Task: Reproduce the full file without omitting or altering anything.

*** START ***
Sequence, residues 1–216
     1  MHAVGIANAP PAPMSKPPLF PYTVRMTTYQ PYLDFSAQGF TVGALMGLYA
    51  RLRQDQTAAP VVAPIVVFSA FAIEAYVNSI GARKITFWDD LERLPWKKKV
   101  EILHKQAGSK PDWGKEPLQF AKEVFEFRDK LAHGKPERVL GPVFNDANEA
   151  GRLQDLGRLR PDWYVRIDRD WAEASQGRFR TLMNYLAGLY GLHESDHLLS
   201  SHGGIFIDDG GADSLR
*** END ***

Sequence, residues 1–216
     1  MHAVGIANAP PAPMSKPPLF PYTVRMTTYQ PYLDFSAQGF TVGALMGLYA
    51  RLRQDQTAAP VVAPIVVFSA FAIEAYVNSI GARKITFWDD LERLPWKKKV
   101  EILHKQAGSK PDWGKEPLQF AKEVFEFRDK LAHGKPERVL GPVFNDANEA
   151  GRLQDLGRLR PDWYVRIDRD WAEASQGRFR TLMNYLAGLY GLHESDHLLS
   201  SHGGIFIDDG GADSLR